Oakland Poised To Protect Civil Liberties

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Update 5-10-17: Oakland’s Public Safety Committee voted unanimously on May 9 to support the Surveillance Technology Ordinance. Thanks largely to your letters, calls and emails. 

My guest piece in the East Bay Express, on why Oakland needs to adopt a proposed Surveillance Technology Ordinance – here.

For background on how this conversation started, and how three different entities (Oakland, Seattle, and San Diego) have approached surveillance reform, UC Berkeley Law Professor Catherine Crump’s excellent law review article can be read and downloaded here.

Join us on May 9 at 6pm before the Public Safety Committee, as the ordinance gets its first review by the council.

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Oakland: Rise Up Against Secret Surveillance

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Oakland’s Public Safety Committee will vote on the ordinance on May 9 at 6pm at City Hall at Oscar Grant Plaza. We need you there. 

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(Reprinted from the ACLU of Northern California)

Everyone deserves to feel safe in their community. Sometimes, that means policing the police. Shouldn’t you have a say in deciding whether local law enforcement gets to deploy futuristic surveillance technology in your community?

The Oakland Police Department has the capability to spy on Oakland residents using surveillance cameras, automatic license plate readers, a ‘Stingray’ cellphone tracker, and social media monitoring software. Upwards of $2.5 million has been spent on these devices, which are capable of collecting data that can be shared with the federal government.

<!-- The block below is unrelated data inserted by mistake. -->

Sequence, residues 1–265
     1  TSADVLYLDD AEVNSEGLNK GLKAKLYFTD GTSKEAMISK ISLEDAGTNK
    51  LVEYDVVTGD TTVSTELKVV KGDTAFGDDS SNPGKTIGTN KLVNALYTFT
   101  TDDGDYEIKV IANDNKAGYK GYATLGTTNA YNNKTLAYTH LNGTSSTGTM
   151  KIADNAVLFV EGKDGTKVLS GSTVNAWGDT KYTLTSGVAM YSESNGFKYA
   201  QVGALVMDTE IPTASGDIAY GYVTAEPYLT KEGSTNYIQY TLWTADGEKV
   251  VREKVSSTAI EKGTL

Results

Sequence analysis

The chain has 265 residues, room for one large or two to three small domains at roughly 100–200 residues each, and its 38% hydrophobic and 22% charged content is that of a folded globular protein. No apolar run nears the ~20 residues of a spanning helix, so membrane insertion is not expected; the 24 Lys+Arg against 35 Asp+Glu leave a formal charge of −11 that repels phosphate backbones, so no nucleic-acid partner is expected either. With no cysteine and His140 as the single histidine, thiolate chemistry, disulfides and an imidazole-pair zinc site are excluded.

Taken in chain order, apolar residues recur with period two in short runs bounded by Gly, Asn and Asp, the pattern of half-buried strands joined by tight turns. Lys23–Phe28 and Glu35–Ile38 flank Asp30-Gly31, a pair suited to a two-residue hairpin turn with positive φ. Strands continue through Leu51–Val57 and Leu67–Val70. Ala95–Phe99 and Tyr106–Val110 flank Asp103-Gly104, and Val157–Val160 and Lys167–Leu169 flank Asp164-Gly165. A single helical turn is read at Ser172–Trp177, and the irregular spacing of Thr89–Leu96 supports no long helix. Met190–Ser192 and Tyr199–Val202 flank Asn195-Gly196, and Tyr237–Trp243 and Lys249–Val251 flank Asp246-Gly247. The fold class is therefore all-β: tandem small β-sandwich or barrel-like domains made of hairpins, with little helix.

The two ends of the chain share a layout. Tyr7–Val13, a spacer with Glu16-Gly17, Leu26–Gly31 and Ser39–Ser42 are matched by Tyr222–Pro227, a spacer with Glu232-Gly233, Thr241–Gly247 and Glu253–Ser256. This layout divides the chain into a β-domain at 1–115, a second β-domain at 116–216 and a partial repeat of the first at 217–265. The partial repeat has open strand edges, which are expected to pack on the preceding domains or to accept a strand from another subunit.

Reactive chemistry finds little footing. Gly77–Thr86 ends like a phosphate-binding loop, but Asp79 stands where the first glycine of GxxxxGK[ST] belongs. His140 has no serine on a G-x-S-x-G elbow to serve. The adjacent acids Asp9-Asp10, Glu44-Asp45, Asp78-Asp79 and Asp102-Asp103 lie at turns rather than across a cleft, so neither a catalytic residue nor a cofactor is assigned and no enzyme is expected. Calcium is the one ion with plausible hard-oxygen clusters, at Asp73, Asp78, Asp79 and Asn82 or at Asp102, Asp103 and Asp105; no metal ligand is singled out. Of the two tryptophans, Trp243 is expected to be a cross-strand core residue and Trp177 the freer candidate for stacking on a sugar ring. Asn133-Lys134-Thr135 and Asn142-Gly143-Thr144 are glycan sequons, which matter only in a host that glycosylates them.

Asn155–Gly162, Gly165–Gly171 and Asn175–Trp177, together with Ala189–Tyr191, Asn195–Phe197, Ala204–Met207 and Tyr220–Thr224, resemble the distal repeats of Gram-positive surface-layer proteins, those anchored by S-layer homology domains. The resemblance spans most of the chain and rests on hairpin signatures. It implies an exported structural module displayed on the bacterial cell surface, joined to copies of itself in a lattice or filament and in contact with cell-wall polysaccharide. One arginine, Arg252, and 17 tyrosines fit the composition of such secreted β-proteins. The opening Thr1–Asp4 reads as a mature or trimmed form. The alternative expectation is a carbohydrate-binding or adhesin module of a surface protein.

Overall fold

Use this form to ask the Oakland City Council to vote “YES” on the Surveillance Technology Ordinance. 

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City of Providence Set to Pass Wide Ranging Community Safety Act Ordinance

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On June 1, The Providence City Council voted 13-1 to adopt the Providence Community-Police Relations Act

 

Key Points of the CSA

Prohibition on racial profiling and other forms of profiling

Police cannot use race, ethnicity, color, national origin, language, gender, gender identity, sexual orientation, political affiliation, religion, physical or mental disability, or serious medical condition as a reason to suspect someone of a crime.

Standardized Encounter Form

Every time police stop someone, they must fill out a card with race, gender, and age of the person stopped; reason for the stop; if there was a search, and the results of the search; how long the stop lasted; results of the stop (ticket, arrest, nothing); and officer’s name and badge number. They must provide a copy of the form to the person who was stopped.

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Berkeley Should Not Participate In The Militarized Police Aspects Of Urban Shield

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Update: On May 16, the Stop Urban Shield Coalition shut down the Berkeley City Council meeting at 12:45am (actually on May 17). New special meeting to be scheduled. It will be on June 20 at 6:00pm at Longfellow Middle School at 1500 Derby Street. 

BERKELEY SHOULD NOT PARTICIPATE IN THE MILITARIZED-POLICE ASPECTS OF URBAN SHIELD

Urban Shield has been staged yearly in Alameda County since 2007. The grant money to manage it flows from the Department of Homeland ultimately to the Alameda County Sheriff who is responsible for all aspects of the extravaganza. The terms of the grant money stipulate that everything associated with UASI (and hence Urban Shield) must have “a nexus to terrorism” – an important criticism.

Urban Shield has three parts: A weapons and equipment expo, a set of presentations, seminars and talks, much like other conventions, and a set of training exercises.  Some of the training exercises are for non-police emergency responders, while others, the ones most objected to, are for police department SWAT teams. These SWAT teams, from around the Bay, the country and the world compete for points as they move from scenario to scenario.

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